Since the last blog, we've had a very busy time travelling up through Kerala before flying north to Delhi.
We went to Alleppey where we went rowing on a small traditional boat down the backwater canals. We passed through peaceful villages stopping for numerous cups of chai (tea!) along the way.
From there we headed inland to the much cooler mountainous regions of Kerala, staying in Kumily which is a spice and tea plantation town near the Periyar Wildlife Sanctuary where we were lucky enough to see wild elephants. We celebrated Vicky's birthday in style by riding on an elephant, followed by a curry and a couple of pints of beer - just like a birthday in London!
We splashed out on a autorickshaw to take us on the 5 hour journey with breathtaking views to a hill station called Munnar. Then we headed back to the hot and humid coast, staying in the beautiful town of Cochin where we helped out with hauling in the famous Chinese fishing nets! We also saw some traditional Keralan martial arts but soon realised that our position in the front row was a little dangerous as knives and spears were flung around at a tremendous rate!!
We were sad to leave the south, especially the stunning state of Kerala. We treated ourselves to a 2 hour flight north to Delhi from the south rather than a 50 hour train journey. We were bracing ourselves for a manic experience in Delhi but actually found it an exciting, vibrant and relatively straightforward city to get around. We met up with some friends who we had met in the south and visited the Red Fort with them.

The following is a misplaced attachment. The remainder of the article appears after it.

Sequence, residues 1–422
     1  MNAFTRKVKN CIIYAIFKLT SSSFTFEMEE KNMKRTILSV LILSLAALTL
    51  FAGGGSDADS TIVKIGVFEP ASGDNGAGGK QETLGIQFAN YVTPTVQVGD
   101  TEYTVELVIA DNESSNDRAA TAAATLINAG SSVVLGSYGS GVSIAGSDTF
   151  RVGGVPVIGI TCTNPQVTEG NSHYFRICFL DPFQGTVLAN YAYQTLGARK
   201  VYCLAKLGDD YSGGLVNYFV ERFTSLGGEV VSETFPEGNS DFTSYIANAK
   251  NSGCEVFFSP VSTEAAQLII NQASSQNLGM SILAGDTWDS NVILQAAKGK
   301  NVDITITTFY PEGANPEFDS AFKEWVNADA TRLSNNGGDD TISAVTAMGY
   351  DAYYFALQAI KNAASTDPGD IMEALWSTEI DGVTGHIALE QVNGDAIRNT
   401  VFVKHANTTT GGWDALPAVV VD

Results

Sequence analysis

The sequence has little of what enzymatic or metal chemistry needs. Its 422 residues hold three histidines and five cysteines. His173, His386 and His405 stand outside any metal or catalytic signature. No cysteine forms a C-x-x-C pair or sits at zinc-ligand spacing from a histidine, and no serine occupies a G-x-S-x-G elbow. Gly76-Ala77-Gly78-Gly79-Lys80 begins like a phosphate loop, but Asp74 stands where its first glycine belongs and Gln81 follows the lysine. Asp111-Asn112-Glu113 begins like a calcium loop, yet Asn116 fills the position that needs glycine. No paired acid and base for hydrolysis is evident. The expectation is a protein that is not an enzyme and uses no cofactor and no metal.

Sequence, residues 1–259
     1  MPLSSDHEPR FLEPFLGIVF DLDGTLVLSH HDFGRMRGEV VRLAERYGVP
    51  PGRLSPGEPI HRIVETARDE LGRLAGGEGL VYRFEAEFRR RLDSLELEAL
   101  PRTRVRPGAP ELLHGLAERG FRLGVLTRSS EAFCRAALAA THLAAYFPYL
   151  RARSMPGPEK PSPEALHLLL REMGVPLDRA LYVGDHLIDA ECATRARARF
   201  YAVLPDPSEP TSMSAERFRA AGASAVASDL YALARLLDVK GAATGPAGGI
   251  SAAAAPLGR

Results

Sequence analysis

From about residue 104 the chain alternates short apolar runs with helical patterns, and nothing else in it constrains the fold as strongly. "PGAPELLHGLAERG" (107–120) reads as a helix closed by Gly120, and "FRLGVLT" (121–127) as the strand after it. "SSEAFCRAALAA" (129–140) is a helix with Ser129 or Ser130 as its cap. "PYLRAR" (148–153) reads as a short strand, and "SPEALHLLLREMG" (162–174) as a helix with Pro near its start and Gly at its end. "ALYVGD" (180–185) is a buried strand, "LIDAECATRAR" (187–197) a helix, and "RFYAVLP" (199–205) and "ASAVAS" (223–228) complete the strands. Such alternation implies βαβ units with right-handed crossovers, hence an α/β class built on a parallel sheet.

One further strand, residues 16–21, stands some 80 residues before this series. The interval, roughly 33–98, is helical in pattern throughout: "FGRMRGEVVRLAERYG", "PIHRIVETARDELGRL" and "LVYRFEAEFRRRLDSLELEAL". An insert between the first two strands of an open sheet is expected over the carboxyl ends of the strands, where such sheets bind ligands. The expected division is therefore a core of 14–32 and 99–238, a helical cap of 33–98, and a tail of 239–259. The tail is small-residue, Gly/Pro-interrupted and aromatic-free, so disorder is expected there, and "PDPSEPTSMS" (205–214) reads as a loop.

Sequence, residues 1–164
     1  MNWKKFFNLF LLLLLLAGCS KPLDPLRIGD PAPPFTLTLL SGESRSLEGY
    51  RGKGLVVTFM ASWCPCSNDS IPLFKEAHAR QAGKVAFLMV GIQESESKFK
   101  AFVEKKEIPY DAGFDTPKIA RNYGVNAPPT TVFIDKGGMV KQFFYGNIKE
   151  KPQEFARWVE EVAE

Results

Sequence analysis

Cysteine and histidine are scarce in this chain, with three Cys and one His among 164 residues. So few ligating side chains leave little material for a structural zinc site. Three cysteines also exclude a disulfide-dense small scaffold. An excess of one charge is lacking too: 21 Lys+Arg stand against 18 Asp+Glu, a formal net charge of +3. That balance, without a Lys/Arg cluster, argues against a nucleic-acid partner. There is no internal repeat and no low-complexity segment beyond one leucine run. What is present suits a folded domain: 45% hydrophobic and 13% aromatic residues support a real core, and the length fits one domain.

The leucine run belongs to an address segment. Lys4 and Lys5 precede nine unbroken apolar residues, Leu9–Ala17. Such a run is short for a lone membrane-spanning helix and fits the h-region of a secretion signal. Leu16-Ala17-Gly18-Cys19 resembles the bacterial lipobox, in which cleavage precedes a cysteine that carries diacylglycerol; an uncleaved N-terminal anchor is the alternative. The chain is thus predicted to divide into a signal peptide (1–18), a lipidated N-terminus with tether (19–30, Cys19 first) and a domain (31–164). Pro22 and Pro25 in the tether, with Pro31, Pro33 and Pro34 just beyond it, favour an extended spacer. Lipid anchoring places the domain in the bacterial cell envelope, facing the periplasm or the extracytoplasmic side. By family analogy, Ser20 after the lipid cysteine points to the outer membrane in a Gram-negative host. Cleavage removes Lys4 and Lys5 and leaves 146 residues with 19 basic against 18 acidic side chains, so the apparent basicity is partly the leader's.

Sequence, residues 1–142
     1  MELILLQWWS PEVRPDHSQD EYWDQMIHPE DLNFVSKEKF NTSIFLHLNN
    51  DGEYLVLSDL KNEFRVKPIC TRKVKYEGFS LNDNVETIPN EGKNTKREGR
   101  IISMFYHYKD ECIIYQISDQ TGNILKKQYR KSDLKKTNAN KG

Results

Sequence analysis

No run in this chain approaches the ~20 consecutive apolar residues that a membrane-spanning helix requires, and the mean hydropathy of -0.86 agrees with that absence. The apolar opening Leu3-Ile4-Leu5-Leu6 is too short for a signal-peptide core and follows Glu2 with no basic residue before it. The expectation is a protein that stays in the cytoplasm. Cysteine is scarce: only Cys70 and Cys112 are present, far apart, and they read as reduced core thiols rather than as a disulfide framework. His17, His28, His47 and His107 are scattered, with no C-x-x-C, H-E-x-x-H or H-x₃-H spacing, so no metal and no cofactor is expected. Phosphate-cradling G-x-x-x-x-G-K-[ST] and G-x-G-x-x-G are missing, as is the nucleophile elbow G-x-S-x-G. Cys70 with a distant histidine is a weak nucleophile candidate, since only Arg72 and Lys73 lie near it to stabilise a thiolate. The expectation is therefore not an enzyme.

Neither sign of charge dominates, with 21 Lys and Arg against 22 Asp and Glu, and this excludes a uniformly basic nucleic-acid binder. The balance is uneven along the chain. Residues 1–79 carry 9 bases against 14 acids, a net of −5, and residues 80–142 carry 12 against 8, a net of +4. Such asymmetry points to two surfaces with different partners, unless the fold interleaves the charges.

We also visited a charity called the Salaam Balaak Trust where they encourage street children to live in the shelters they provide, attend lessons as well as get any medical care they need. We did a city walk with a former street child who told us all about his experiences when he was younger and even showed us where he used to live at the railway station. He took us to a day centre next to the train tracks where a dozen small children were drawing and colouring while their parents where working. The walk finished at the main boys shelter where we met some of the resident children and were treated to some recitals of Baa Baa Black Sheep and Jingle Bells! It really opened our eyes to the other side of city life that you wouldn't normally get to learn so much about.
Then we headed to Varanassi and got our first glimpse of the River Ganges. It was a very calm by the riverside and we spent time wandering up and down watching the many pilgrims pray and bathe in the holy water. The next day we were up at 5.30am to take a boat trip down the river in time for sunrise. It was very different to the chaos that lay a few streets away in the main town where we have never seen so much traffic nor experienced such commotion trying to get 20 metres down a road. Seeing the Ganges was an amazing, indescribable sight but we were glad to leave the noise and pollution of Varanassi!
With banging heads and ringing ears, we embarked on a tiring, not very straightforward 13 hour journey by train, bus and ricksahw to Khajuraho. It was worth it though as this quiet town is home to some of the most beautiful temples in the world. They are most famous for their Karma Sutra carvings depicting various people (and animals!) in some rather compromising positions!
Tomorrow we are heading to Agra to see the Taj Mahal and then on to Rajhastan for the final leg of our trip...